HOW IS COLD BREW MADE?
Coffee grounds (usually coarse) + water (cold or room temp) + time (8 to 24 hours) = most cold brew
Cold brew coffee is usually made by steeping coffee in water for a number of hours at cold or ambient (room) temperature. This slow, low temp brew makes cold brew taste very different from hot brewing the same type of coffee beans: mild chocolate and mellow, low acidity fruits are common flavor notes.
Cold brewing – or in many cases ambient temperature brewing – uses time in place of temperature to ensure extraction. Cold brewing can take between 8 and 24 hours, depending on who you ask and what your target cold brew taste is.
Cold brew coffee is also often made as a concentrate which is then diluted - or "watered down" - to taste from there. So, while pour-over coffee and most drip coffees have a brewing ratio of about 1 to 16 coffee to water (ex: 20 grams of ground coffee brewed with 320 mL of water), cold brewing is usually done with less and with a wide range of possibilities to suit different tastes.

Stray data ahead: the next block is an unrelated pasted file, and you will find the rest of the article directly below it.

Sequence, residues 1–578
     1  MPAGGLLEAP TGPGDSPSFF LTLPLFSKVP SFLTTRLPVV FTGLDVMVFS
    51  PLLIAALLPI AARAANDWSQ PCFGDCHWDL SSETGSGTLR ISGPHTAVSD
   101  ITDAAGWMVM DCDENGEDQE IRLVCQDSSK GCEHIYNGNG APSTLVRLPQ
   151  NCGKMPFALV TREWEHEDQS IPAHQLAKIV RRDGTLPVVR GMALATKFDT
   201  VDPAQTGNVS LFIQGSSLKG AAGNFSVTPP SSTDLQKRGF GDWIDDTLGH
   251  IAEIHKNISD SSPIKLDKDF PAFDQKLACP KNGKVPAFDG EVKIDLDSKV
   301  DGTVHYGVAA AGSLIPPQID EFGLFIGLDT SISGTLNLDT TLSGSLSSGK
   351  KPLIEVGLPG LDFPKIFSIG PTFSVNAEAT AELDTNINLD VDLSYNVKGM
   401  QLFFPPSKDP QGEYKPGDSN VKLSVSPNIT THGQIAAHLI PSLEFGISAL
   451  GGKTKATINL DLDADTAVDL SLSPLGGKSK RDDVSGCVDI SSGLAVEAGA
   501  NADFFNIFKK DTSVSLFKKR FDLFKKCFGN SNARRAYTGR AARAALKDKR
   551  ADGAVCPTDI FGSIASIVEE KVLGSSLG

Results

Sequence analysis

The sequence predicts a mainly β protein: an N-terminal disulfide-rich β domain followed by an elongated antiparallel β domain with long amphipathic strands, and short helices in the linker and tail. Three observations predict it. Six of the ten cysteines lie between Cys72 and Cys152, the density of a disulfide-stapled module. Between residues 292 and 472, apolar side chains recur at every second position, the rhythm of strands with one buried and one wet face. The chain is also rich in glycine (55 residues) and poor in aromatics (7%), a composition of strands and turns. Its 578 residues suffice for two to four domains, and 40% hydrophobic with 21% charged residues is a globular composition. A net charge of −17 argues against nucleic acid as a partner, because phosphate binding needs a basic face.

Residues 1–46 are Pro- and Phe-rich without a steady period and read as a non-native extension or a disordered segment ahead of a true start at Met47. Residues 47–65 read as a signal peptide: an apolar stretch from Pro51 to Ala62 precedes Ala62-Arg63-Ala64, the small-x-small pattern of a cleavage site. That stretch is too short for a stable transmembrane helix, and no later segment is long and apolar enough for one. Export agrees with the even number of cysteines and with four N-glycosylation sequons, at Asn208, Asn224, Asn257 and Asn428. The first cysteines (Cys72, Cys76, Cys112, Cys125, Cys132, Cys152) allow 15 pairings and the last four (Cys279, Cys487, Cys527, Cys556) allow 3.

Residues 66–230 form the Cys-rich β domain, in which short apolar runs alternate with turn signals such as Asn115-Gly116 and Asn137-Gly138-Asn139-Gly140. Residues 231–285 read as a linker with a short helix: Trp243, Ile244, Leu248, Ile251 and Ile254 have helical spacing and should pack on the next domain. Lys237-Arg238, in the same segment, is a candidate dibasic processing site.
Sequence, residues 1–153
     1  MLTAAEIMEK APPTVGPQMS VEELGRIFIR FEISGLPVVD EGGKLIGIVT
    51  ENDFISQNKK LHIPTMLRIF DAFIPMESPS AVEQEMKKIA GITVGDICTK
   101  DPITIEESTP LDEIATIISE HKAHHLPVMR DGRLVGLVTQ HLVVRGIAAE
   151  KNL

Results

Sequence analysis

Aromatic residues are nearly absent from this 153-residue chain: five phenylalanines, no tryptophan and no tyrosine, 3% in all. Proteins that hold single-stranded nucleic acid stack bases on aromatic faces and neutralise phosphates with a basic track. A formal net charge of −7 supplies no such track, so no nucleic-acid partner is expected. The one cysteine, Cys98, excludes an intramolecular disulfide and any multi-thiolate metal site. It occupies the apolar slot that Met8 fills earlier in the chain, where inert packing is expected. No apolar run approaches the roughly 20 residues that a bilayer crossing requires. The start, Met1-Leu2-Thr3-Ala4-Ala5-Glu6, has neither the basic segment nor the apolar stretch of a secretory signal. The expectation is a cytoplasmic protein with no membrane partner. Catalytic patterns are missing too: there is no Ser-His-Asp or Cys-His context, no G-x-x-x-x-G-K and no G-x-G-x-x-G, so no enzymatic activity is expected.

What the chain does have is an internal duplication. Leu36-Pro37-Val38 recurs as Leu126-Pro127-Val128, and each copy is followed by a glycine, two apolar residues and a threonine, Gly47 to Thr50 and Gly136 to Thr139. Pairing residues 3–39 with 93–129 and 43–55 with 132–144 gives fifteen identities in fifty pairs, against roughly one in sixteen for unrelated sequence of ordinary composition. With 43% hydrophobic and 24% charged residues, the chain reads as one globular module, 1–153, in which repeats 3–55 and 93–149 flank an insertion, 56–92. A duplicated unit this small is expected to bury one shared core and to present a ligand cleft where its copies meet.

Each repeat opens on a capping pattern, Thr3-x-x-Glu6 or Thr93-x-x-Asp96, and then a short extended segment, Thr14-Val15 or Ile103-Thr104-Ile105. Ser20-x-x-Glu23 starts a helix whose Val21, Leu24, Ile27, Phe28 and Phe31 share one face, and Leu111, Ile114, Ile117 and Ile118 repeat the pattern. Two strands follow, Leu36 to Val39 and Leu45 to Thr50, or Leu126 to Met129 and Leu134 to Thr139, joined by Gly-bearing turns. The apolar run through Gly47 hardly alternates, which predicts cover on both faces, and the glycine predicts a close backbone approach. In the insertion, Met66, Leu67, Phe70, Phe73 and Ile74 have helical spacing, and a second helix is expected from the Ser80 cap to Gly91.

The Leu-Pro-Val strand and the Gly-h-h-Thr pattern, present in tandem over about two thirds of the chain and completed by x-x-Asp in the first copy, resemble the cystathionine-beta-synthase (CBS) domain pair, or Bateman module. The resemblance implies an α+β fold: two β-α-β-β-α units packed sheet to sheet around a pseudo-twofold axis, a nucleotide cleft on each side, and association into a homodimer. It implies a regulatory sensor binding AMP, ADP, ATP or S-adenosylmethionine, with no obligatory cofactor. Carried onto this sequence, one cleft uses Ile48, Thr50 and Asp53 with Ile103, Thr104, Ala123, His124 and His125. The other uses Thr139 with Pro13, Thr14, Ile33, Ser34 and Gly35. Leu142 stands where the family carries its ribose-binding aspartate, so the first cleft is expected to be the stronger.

COLD BREW VS. ICED COFFEE
Iced coffee used to mostly be just what it sounds like: normal brewed drip coffee or espresso to which one adds ice. It was not — and maybe still isn’t — uncommon to watch a barista or diner employee simply take some coffee from batch brew, throw some ice in it, and call it “Iced Coffee”.
“Flash chill” or “flash brew” coffee is a more recently popularized innovation on iced coffee. These “flash” methods take two steps to increase the quality of iced coffee:
- reduce the ratio of water to coffee to account for the added ice that would otherwise dilute the coffee, and
- cool down the hot-brewed coffee immediately by brewing directly into the ice-filled vessel.
Cold brew is slow-steeped for longer periods of time. It differs from iced coffee, which has been hot brewed specifically to extract those additional layers of flavors and other natural coffee compounds that don’t get extracted much or at all in cold brew